Im Focus: Scientists shine new light on the “other high temperature superconductor”

A study led by scientists of the Max Planck Institute for the Structure and Dynamics of Matter (MPSD) at the Center for Free-Electron Laser Science in Hamburg presents evidence of the coexistence of superconductivity and “charge-density-waves” in compounds of the poorly-studied family of bismuthates. This observation opens up new perspectives for a deeper understanding of the phenomenon of high-temperature superconductivity, a topic which is at the core of condensed matter research since more than 30 years. The paper by Nicoletti et al has been published in the PNAS.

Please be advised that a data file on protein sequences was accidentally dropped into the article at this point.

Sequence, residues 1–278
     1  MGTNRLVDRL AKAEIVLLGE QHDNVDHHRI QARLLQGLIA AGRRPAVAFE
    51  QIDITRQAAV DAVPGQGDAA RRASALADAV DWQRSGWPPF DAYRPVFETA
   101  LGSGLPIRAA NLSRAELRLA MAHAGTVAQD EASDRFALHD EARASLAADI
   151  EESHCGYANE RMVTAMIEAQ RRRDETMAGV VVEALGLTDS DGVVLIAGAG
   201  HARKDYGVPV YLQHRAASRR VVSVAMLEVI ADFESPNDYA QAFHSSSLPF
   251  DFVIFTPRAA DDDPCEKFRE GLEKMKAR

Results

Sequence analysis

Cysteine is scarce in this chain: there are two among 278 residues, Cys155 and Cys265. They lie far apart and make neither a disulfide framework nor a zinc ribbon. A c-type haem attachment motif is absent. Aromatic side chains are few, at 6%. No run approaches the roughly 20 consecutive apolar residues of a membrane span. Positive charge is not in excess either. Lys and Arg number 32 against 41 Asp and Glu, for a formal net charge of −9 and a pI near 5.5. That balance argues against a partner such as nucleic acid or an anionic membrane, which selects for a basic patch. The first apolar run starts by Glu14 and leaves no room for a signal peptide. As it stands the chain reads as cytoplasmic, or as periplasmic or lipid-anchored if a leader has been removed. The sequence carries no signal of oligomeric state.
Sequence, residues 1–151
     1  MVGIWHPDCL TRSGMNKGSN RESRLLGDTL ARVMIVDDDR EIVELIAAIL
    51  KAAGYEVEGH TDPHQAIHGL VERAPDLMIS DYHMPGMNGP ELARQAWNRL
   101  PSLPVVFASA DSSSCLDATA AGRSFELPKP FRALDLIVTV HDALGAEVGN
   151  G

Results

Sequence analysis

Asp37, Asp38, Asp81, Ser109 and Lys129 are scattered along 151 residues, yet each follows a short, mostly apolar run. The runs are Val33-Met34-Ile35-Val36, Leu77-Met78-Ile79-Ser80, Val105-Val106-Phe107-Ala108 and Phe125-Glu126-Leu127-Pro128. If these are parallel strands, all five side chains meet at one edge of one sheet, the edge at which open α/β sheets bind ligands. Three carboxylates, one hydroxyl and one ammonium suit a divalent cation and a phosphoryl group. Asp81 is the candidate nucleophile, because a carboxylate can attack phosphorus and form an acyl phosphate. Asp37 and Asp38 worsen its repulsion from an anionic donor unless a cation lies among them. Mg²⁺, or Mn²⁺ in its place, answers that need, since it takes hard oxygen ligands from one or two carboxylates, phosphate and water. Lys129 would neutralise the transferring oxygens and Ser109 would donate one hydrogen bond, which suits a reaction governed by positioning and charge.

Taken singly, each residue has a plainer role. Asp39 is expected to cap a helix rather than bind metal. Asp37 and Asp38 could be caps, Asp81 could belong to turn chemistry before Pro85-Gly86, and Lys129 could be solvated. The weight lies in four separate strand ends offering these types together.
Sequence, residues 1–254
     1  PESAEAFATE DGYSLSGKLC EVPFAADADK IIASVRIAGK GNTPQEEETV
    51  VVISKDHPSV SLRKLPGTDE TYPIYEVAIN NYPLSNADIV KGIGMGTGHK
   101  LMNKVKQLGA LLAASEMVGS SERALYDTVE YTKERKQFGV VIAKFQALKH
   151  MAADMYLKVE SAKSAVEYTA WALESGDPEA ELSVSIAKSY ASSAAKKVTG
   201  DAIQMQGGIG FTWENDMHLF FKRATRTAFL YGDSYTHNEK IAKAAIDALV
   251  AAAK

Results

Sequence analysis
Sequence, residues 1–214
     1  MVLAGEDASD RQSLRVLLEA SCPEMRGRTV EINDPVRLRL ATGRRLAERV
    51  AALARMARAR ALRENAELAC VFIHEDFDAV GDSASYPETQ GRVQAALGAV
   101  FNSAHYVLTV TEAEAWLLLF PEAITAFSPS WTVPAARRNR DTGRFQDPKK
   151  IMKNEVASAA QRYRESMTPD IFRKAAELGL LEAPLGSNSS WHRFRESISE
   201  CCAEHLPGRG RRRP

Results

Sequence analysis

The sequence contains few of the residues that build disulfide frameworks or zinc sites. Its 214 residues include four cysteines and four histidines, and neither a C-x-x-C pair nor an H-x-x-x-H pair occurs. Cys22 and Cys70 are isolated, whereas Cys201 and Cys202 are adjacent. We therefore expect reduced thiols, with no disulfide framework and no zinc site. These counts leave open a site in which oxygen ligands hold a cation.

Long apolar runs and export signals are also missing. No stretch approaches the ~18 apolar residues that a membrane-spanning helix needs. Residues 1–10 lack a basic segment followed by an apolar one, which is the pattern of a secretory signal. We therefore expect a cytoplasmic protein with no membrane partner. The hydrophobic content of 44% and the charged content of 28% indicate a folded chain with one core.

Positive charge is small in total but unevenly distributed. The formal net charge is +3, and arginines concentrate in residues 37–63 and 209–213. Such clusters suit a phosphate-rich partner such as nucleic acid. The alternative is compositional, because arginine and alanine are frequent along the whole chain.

Since the beginning of the 20th century, superconductivity had been observed in some metals at temperatures only a few degrees above the absolute zero (minus...

All Focus news of the innovation-report >>>

Anzeige

Anzeige

Event News

Call for Papers – ICNFT 2018, 5th International Conference on New Forming Technology

16.08.2017 | Event News

Sustainability is the business model of tomorrow

04.08.2017 | Event News

Clash of Realities 2017: Registration now open. International Conference at TH Köln

26.07.2017 | Event News

 
Latest News

A Map of the Cell’s Power Station

18.08.2017 | Life Sciences

Engineering team images tiny quasicrystals as they form

18.08.2017 | Physics and Astronomy

Researchers printed graphene-like materials with inkjet

18.08.2017 | Materials Sciences

VideoLinks
B2B-VideoLinks
More VideoLinks >>>